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Thursday, June 3, 2010

Tevis is on

Here's the update:
  • Filling is gone (Filling is normal in her fronts, but will dissapear within 24 hours. If it stays longer, it is abnormal)
  • Farley moves out at a canter/gallop/trot on her own at liberty without prompting during turnout.
  • I can't see any lameness or uneveness in her gait. (this has been true since Monday morning, the morning after the last ride)
  • Although initially I thought that it was the same as American River, I'm now more inclined to say that the uneveness I saw during day 3 after the first loop was due to going barefoot after a week in a glueon.....

Farley is a very honest horse. Some might even say "a wimp". I don't mind. Based on history and what she was exhibiting, I think that the issue was probably related more to going without a boot for a rocky 20 miles, and then going in a strap on on that foot for the next 30 miles, then any soft tissue damage.

Normally, with any sort of lameness issues at Wild West, I would not do Tevis, however I don't think her uneveness was a true lameness that should cause trouble at Tevis, so I'm inclined to do Tevis.

After finishing the first loop and putting a strapon on her RF, I did 14 miles of trotting down hill on a hardpacked road, with no change in her way of going. I think if I did have a brewing problem something would have shown up by the end of that ride. And since she shows EVERY THING no matter how small the discomfort, I can trust her.

So, I think with careful observation and a vet evaluation between now and then, I'm comfortable asking her to do Tevis, especially because I think Tevis is easy than the crap (mud, snow, rocks, knee deep slick puddles) I had to go through at Wild West.

The plan is to hack her lightly today if she feels like it (at a walk, and if she picks up a trot on her own, note it and then bring her back to a walk), some light walk/trot stretchy dressage tomorrow, then another week off (I'll be in Alabama). Then a vet check of her RF (follow up from ultrasounds I had taken after American river to confirm that everything still looks OK). She'll have about 2 weeks total of easy work/off.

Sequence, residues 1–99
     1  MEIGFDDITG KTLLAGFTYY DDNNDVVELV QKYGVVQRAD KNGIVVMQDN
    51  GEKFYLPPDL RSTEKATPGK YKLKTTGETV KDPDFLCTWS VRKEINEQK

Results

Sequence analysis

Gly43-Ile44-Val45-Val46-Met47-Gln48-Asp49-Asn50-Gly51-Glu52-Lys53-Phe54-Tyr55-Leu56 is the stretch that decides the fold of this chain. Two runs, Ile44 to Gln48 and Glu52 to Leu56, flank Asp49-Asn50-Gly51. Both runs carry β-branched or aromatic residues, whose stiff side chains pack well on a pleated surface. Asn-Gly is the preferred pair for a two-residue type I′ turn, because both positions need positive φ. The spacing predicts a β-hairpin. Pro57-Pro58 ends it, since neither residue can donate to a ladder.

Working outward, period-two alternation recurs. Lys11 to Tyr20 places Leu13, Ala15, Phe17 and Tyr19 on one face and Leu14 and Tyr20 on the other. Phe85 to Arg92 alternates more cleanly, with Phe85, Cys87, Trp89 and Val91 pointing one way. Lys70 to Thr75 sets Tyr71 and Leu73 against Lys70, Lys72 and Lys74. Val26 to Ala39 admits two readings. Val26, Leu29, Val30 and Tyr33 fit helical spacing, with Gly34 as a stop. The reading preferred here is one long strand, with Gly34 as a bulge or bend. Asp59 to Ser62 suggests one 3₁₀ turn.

Of course, if the vet or I sees ANYTHING that makes us suspect this is a "true" lameness then I'll be asking for my Tevis refund and it will be Tevis in 2011.

And now the waiting begins.


  1. Hope to see you there! Pondering this from previous post:

    "I think I especially like that in a boot I have superior protection from trail "stuff", but if I lose a boot, it's not the end of the world because my barefoot-conditioned horse can *probably* handle the footing until I can get a boot back on again."

    I am not a fan of pads, and ponder boots all the time, because if you DO lose a boot, or a shoe with pad, is the horses sole truely in condition to deal with going down the trail suddenly unprotected? My gut says, unless you are really conditioning the feet (and sole) to deal with crappy footing without protection, if you suddenly lose that protection, is the chance of a bruise or making the horse sore higher? Ideally, if a shoe with pad, or boot is lost, one notices quick, and has along a boot to put over the hoof to continue to protect it.

    Not a right or wrong way, as we all make choices for our horses that we feel is best, but I really try to NOT pad my shod horse, so he is conditioned to dealing with different footing

  2. Good luck!

    I'm mailing my entry tomorrow.

  3. txtrigger - I think what you are saying is true *if* you always ride in a boot. Farley's feet are coming along so nicely, nowdays I only ride with boots during the actual rides. (or if I'm trying something new out on the boots). As a result, if we loose a boot at a ride, in *most* cases she does perfectly fine until I can get anotehr boot on or I finish.

    I think it definately matters what kind of boots though. When I used strap ons at American river and had issues, I rode many many miles with barefoot and even cantered the last 5 miles in partially barefoot with no ill effects. After glueing on boots for wild west (6 days in the boots total in rain and mud) she's definately tenderfooted and now I'm almost positive that was the source of her uneveness at the end of the third day. Yet one more reason to try and get the strap ons to work most of the time.

  4. I think the difference is simple. A real barefoot horse is going to be sound barefoot. A barefoot horse that needs boots to be sound is no different than a shod horse - it requires hoof protection.

    How I feel about translating that to my own horses is that I want mine to be truly 'barefoot sound' even if I do choose when to use boots or not use boots. I don't want a barefoot horse that can only be ridden 100% of the time with hoof protection.

    It's okay for people to have different opinions. I'm just glad that my horses are okay being worked and ridden without needing hoof protection all of the time.


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